'The World Needs Diplomats Like Never Before,' Speaker Tells Graduates
Franklin & Marshall College alumnus James "Jim" Stengel delivered a refreshing dose of philosophy to Class of 2021 graduates at F&M's May 15 Commencement.
Stengel '77, former global marketing officer of Procter & Gamble, explored "The Three Regrets," written by chaplain and Buddhist nun Tenzin Kiyosaki.
"The three regrets from Ms. Kiyosaki's research are probably not a surprise: I did not live out my dreams; I did not share my love; I did not forgive," Stengel said.
Focusing on the first two, Stengel shared his own lessons on self-awareness and gratitude.
"You are undoubtedly thinking of the teachers, professors, coaches, and mentors who have made an impact on you. Here is my simple advice: Not just on this special day, but every day, show your love, show your gratitude, show your kindness," Stengel advised.
Clad in black robes and caps, 497 graduates crossed Clipper Stadium's infield stage to receive diplomas from F&M President Barbara Altmann. Each of the 95 graduates unable to join in-person was individually recognized with the name announced and a portrait projected on screen.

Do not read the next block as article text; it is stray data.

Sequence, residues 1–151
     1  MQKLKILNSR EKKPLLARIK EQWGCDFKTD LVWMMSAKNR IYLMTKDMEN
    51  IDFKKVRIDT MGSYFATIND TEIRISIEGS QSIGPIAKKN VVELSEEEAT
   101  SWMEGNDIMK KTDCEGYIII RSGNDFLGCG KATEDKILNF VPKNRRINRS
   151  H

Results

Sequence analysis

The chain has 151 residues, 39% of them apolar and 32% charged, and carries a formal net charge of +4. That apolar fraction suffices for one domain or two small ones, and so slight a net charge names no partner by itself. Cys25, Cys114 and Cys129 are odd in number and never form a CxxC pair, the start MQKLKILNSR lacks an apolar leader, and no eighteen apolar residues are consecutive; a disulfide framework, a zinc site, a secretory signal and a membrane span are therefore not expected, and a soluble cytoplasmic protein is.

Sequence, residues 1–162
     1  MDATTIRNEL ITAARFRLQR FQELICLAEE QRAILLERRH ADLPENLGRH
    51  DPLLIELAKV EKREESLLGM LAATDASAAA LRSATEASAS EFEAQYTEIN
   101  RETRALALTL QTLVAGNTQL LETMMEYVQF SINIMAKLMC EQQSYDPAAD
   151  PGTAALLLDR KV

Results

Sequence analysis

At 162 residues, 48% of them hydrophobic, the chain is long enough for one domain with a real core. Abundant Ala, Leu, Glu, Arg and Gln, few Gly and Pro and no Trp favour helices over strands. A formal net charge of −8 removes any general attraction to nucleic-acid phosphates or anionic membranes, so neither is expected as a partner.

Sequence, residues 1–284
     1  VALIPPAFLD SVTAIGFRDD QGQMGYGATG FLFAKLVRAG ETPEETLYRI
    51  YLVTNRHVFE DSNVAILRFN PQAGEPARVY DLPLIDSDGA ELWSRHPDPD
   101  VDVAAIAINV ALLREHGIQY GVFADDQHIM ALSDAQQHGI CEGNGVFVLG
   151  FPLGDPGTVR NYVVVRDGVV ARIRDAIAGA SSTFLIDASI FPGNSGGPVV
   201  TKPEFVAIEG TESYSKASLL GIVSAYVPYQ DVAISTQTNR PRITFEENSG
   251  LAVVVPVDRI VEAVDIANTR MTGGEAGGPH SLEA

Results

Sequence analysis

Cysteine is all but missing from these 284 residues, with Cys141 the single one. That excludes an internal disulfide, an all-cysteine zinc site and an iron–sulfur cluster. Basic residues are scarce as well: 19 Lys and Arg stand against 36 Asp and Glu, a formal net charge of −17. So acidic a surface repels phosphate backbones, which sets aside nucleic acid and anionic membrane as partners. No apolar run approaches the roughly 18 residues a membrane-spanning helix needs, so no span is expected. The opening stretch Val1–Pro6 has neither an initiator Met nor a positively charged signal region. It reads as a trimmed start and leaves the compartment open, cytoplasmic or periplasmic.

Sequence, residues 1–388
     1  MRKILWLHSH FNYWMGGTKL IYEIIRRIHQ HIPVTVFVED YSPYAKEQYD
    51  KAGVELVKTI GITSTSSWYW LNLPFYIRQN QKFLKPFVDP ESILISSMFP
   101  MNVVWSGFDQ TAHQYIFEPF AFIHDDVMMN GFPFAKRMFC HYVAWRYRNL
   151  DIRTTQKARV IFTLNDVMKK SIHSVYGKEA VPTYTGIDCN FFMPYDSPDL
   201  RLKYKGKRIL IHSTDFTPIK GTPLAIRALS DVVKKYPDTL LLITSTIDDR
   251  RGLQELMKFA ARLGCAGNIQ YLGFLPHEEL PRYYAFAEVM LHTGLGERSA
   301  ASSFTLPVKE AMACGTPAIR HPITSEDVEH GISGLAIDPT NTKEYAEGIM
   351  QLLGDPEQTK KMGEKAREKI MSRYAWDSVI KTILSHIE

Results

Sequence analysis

While customary handshakes and hugs were replaced by elbow bumps and pats on the shoulder, COVID-19 precautions didn't dampen the enthusiasm rippling across the stadium.
"Could any of us have anticipated what we would live through together as we navigated the last three years?" said President Altmann, who joined campus in August 2018.
"Even in this unimaginable year, you found a way to make it work. You adapted and stretched. It feels like a bit of a miracle that so many of us can even be here, in the same space, after living with so many restrictions, so much frustration," she said. "I'm so happy that this, your Commencement, is the first big event to bring us all back together."
Highlights of the ceremony included remarks from faculty award winners, honorary degree recipients Beverly Steinman and Sonya Clark, Henry S. Williamson Medalist Leilani Ly, and Class of 2021 president Marissa Witmer.
With the traditional passing of the torch, graduates turned to the physically distanced stadium rows of family and friends, triumphantly raising diplomas and tossing mortarboards into the cloudless blue sky.
"You are no doubt the most resilient and agile class in history, and perhaps the most prepared class in our 234-year history to lead positive change," Stengel said. "The world indeed needs Diplomats like never before."
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